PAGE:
A reader asked that I revisit my dismissal of Ticker Sense’s blogger sentiment poll so here’s a chart to see if we can once and for all decide if this has any value to analysis of stock market sentiment.
The Ticker Sense Blogger Sentiment poll started on July 10th 2006. But it was a while until it registered any extreme readings. My definition of “extreme” would be a bull/bear ratio of 0.60 and under or 1.71+ (I ignored neutral readings). To make it easier to visualize, I’ve only included these extremes - red and green dots respectively:
For an example of extreme optimism: recently, on October 13th, 2008 there were 75% bulls, zero bears and 25% neutral. While a good example of pessimism was on March 12th, 2007 with only 13.16% bulls, 42.11% bears and 44.74% neutral.
The first thing you notice is just how erratic this sentiment measure is. Although bloggers are asked: “What is your outlook on the U.S. stock market for the next 30 days?” they seem to be ready to change their minds from one extreme to the next at the drop of a hat.
Another characteristic is that while they put in a continuous string of bearish extremes in late 2006 and into mid 2007, they often jump from one extreme to the other and back.
I was going to put in a complete statistical analysis of the data points but I noticed that CXO Advisory Group had already done so:
Source: CXO Advisory Group
Their conclusion is what I said last year, Ticker Sense blogger sentiment poll provides no edge.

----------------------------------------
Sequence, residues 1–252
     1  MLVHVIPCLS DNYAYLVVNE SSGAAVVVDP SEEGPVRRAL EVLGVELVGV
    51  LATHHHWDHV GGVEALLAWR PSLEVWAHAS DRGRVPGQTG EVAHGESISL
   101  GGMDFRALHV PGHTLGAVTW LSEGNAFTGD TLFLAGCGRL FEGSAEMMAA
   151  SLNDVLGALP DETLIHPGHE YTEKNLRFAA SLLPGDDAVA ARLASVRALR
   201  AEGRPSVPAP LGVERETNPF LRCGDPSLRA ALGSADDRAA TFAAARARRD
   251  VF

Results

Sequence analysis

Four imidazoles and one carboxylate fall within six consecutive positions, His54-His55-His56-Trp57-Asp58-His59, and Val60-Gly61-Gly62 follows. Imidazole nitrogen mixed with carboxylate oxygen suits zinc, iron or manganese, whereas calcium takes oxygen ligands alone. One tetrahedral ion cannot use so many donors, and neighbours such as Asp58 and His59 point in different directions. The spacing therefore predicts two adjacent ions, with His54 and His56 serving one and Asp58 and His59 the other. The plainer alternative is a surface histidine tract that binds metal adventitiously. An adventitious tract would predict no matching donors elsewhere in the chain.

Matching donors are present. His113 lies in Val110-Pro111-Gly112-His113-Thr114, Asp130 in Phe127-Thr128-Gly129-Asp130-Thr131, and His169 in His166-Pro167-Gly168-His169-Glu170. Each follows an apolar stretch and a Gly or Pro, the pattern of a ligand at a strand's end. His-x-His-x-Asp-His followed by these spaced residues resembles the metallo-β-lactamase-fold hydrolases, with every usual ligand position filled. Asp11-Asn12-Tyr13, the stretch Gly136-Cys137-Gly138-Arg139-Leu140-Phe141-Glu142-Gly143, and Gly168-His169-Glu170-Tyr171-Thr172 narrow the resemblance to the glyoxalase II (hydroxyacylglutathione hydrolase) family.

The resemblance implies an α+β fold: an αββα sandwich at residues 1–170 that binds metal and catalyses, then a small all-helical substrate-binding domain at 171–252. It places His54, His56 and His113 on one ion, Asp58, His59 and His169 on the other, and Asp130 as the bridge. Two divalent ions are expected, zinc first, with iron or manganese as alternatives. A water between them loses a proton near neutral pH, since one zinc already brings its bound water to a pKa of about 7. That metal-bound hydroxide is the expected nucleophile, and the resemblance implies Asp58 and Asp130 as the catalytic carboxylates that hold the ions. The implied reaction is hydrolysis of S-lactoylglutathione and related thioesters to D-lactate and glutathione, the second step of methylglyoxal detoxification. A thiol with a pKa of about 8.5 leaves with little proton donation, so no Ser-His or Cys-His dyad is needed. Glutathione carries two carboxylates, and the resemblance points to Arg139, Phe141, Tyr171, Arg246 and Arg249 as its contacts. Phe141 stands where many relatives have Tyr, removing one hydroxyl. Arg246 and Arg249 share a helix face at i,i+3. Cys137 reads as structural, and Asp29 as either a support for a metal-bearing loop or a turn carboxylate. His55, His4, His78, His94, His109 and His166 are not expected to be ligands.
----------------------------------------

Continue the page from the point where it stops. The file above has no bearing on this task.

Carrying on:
Right off the top of my head I can think of a few reasons for this indicator’s lack of value. The sample size is extremely small (20 bloggers) and it gets smaller since only a fraction participate each week.
Second, bloggers may be watching their own sentiment and adjusting accordingly. They are after all, a pretty savvy bunch and sentiment indicators and contrarian analysis is not unknown to them. This might explain why they swing from one extreme to the next at times.
Third, they may be reacting to what has happened rather than what may happen. According to the study done by CXO 11% of the sentiment can be explained by the market’s behavior. So there is a mix of reactiveness and proactiveness which may muddle things.
In the end though, it doesn’t really matter why, the data speaks for itself. Ticker Sense’s sentiment poll provides no edge whatsoever.
That’s why I’ll continue to ignore it, except to point out from time to time when it does go to extremes and garners attention… that it should be ignored.
Here is the raw data (so far):
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